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Open Lecture: Polybius and the Roman Polity: a Perfect Balance?
Open Lecture: Polybius and the Roman Polity: a Perfect Balance?
15.05.2014 19.00 h
The Ithacan Philanthropic Society - Melbourne


Presenter: Frederik J. Vervaet
Entry: Free


Polybius, an Achaean aristocrat whose eventful life spanned much of the turbulent second century BCE, continues to enjoy fame and admiration for being the first ancient Greek historian to write an extensive history of the Roman Republic: the so-called Histories.

As many would appreciate, he also was the first Western historian to produce a genuine theory of history centered around the concept of cyclical rise and demise.

Less well known is that his interpretation of the Roman polity had a profound impact on both Roman and modern political thought.

In this paper, we will first briefly discuss the man's life and times, followed by a survey of his famous theory of constitutional history as applied to Rome especially.

This, then, sets the stage for an appraisal of his lasting legacy, all the way from Cicero over the French Revolution to the American Founding Fathers and contemporary US, and, for that matter, Australian politics.


Frederik J. Vervaet (PhD Ghent University) is a Senior Lecturer in Ancient History at the University of Melbourne and specializes in Roman socio-institutional and political history, and Roman public law. He was a Research Fellow of the Research Foundation Flanders, Francqui Fellow of the Belgian American Educational Foundation at the University of California, Berkeley, Visiting Scholar at Wolfson College, Oxford, and Visiting Fellow of the Belgian Historical Institute in Rome at the Academia Belgica.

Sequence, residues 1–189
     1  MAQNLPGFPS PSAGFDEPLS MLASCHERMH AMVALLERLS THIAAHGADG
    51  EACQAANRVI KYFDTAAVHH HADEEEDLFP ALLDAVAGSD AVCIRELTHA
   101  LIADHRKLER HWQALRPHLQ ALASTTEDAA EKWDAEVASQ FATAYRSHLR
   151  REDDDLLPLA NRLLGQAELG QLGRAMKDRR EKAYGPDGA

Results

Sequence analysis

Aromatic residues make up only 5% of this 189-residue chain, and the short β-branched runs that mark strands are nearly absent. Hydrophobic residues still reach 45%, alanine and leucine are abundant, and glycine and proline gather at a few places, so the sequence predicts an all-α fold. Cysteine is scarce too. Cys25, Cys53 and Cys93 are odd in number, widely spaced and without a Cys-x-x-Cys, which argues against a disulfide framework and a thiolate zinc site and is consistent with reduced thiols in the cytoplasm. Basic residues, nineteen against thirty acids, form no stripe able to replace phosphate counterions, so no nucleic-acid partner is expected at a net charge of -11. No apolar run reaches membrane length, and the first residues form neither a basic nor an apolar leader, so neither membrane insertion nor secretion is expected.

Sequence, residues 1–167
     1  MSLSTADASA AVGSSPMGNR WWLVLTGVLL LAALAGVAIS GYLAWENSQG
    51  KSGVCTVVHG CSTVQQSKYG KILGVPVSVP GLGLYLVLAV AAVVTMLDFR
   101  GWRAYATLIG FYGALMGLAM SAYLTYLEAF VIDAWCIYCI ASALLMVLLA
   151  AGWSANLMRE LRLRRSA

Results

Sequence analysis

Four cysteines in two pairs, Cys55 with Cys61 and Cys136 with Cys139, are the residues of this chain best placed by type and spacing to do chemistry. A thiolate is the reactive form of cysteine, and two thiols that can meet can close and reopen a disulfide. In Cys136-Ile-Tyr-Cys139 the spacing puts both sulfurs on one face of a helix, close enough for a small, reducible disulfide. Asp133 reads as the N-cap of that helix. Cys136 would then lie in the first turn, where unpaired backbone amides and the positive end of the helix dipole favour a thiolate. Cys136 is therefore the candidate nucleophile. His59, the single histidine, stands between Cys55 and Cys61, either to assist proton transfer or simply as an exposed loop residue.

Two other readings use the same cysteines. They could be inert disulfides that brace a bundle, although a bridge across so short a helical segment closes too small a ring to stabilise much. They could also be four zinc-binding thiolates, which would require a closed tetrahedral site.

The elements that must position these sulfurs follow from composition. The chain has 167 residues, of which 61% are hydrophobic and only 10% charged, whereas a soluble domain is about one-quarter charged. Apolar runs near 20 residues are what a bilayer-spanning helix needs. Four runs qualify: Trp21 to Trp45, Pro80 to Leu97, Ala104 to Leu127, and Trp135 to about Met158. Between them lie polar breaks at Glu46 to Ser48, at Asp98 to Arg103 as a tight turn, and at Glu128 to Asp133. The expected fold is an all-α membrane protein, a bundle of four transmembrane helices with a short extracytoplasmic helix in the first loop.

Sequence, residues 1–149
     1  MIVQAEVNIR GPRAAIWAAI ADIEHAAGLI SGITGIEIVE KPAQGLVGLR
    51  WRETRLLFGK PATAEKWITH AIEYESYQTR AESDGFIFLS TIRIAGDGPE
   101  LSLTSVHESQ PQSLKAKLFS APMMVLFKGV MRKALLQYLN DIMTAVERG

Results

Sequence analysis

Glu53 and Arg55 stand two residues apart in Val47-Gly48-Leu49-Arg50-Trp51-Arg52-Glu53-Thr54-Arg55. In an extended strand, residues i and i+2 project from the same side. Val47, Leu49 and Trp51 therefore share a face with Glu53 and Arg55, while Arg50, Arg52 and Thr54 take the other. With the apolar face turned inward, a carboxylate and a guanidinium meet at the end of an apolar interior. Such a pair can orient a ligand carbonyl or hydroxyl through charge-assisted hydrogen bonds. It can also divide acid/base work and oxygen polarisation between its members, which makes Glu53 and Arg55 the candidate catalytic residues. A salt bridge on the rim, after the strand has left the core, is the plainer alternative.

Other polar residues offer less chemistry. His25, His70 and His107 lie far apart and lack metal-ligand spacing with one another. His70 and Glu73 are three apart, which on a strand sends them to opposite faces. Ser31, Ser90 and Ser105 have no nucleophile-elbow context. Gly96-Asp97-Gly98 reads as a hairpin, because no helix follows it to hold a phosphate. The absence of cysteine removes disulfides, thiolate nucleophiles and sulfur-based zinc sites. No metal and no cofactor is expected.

We would like to thank Kypros Kyprianou for sponsoring this lecture. Such initiatives assist us in providing these lectures free to the public.

If you would like to participate as a sponsor from as little as $100 please send us an email: This e-mail address is being protected from spambots. You need JavaScript enabled to view it


The Ithacan Philanthropic Society   -   Website
Level 2, 329 Elizabeth Street
Country: au

In October 1916, the Ithacan migrants of Melbourne established the ITHACAN PHILANTHROPIC SOCIETY "The Ulysses", with an inaugural membership of some 153 members. This was in response to pleas for aid from their loved ones in Ithaca who were suffering deprivation during the First World War.

Over the years, however, the Society has been much more than just a philanthropic institution. It has been a constant in the lives of the early Ithacan migrants replacing the homeland which they had left.

The Society takes an active role in the cultural, social, educational and quality of life interests of the Ithacan Community. The Society, as part of its philanthropic role, also makes many monetary contributions to worthy causes, including those outside the immediate Ithacan community. The Society celebrated its 90th Anniversary in 2006.

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